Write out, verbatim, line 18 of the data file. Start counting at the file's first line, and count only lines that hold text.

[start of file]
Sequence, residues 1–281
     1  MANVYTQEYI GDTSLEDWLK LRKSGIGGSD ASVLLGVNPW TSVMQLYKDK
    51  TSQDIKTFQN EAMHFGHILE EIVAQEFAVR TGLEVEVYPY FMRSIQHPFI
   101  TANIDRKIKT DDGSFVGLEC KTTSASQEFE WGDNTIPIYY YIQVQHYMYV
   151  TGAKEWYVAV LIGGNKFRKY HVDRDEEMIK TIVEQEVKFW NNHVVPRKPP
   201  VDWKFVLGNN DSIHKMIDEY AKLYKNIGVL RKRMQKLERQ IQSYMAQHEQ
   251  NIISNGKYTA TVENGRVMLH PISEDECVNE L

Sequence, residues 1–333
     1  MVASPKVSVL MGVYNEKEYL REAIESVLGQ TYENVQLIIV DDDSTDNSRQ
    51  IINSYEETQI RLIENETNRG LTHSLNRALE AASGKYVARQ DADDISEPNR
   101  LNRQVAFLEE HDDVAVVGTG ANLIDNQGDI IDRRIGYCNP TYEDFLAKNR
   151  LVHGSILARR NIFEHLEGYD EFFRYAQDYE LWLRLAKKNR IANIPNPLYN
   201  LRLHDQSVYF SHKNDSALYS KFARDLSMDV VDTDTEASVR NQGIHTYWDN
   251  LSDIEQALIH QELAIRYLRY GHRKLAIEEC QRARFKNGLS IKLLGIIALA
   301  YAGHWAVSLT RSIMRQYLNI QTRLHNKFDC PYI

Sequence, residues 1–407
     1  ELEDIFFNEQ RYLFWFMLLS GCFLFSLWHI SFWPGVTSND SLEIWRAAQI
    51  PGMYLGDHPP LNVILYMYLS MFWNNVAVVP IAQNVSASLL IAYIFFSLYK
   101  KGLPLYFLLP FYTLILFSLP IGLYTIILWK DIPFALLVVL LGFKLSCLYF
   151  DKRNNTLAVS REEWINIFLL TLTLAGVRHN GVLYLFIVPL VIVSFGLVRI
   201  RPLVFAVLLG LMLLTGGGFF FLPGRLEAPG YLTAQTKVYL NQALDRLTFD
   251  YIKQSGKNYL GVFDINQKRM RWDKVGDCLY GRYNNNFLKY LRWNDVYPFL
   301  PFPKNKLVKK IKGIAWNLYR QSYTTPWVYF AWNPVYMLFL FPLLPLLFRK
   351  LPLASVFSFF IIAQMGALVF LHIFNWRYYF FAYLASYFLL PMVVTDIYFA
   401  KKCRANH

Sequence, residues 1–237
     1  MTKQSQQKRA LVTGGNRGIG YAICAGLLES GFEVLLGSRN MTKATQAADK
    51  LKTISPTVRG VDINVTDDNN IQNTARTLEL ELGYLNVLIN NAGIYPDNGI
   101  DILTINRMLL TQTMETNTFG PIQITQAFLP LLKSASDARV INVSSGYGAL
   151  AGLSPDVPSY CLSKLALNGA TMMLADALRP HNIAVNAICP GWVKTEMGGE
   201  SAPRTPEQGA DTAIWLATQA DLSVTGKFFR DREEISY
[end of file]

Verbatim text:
    51  PGMYLGDHPP LNVILYMYLS MFWNNVAVVP IAQNVSASLL IAYIFFSLYK